Reproductive Health Act Signed Into Law As Pro-Life Supporters Pray in Cathedral
Congregants pray during an evening Mass at St. Patrick’s Cathedral Jan. 22. A Holy Hour preceded the liturgy, part of the Prayer Vigil for Life sponsored by the archdiocesan Respect Life Office.
Maria R. Bastone
Auxiliary Bishop Peter Byrne offers an evening Mass at St. Patrick’s Cathedral Jan. 22. A Holy Hour preceded the liturgy, part of the Prayer Vigil for Life sponsored by the archdiocesan Respect Life Office.
Maria R. Bastone
By CHRISTIE L. CHICOINE
The contrast in actions in Albany and the archdiocese on behalf of the preborn was palpable.
As Gov. Andrew Cuomo signed the Reproductive Health Act during the early evening of Jan. 22, the 46th anniversary of Roe vs. Wade—the 1973 U.S. Supreme Court case that legalized abortion across the country—pro-life advocates assembled inside St. Patrick’s Cathedral to participate in a Prayer Vigil for Life that included a Holy Hour and Mass.
The new law grants nondoctors permission to perform abortions; removes protection for an infant accidentally born alive during an abortion, allows late-term abortions, and permits abortion for any reason, for all nine months of pregnancy, including up to the moment of birth.
Auxiliary Bishop Peter Byrne served as principal celebrant of the 7:30 p.m. Mass that drew more than 500 on the cold winter night. Auxiliary Bishop James Massa, of Brooklyn, concelebrated the liturgy. A number of priests concelebrated, including Father Richard Veras, director of pastoral formation at St. Joseph’s Seminary in Dunwoodie, who proclaimed the Gospel of Luke (1:39-56), the Magnificat, and delivered the homily.
The Prayer Vigil for Life was sponsored by the archdiocesan Respect Life Office.
Monica McDaniel of Immaculate Conception and Assumption parish in Tuckahoe took the train with her and her husband Stefan’s four young children in tow: Stefan Jr., 7; Paul, 5; Mary, 3, and Elizabeth, 1.
“I came down from Westchester because I couldn’t make it to Washington, D.C.” for the March for Life Jan. 18. “I saw this as a penitential mission. I wish I didn’t have to be here, but I’m very alarmed at the new legislation being passed in New York.” Her husband was unable to attend because he was at work, she said.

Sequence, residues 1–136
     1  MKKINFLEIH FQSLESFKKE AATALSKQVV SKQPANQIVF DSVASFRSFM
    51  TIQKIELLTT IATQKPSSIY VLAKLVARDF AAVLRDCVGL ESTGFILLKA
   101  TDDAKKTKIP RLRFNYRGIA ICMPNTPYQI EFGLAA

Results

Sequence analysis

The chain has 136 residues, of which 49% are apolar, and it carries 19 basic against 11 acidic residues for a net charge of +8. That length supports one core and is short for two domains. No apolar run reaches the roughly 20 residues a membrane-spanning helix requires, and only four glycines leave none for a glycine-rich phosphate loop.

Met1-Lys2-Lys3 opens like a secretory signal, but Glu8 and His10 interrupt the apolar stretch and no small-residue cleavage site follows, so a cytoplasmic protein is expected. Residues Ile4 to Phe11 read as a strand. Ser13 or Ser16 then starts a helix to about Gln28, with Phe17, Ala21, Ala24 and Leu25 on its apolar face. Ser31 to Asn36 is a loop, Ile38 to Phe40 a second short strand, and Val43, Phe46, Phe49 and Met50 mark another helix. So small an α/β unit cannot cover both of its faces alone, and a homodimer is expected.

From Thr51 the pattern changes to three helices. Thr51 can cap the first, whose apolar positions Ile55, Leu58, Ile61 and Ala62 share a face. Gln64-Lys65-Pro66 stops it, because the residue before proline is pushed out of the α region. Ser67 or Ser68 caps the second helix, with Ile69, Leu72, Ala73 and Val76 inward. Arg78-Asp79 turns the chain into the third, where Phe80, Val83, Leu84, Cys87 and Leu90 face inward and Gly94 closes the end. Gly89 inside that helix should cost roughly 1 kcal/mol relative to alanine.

“The only thing I feel that I can do,” she told CNY in the back of the cathedral after the Holy Hour had ended and the Mass was about to begin, “is to pray and to witness with my children.”
The retired attorney concedes it is difficult to explain the new law to the youngsters—“I just say we’re coming to pray for our state and for families in our state, because they’re too young to understand. I do want them to pray and to be here and see all the people who come.
“My parents brought me to these kinds of things since I was a little kid and so I grew up understanding what this was,” she added. “I want them to have that kind of exposure that I had,” also “in a positive way.”
The Prayer Vigil for Life “was needed,” said Jack Delac, 25, who moved to New York seven months ago year after serving as a FOCUS (Fellowship of Catholic University Students) missionary from 2015 to 2018. “It’s atrocious what’s going on.”
Delac, a native of Houston, recalled a month-long mission trip to India in the summer of 2017 and what he learned there about the culture of life. “It’s sad that we have a hard timing finding that in America.”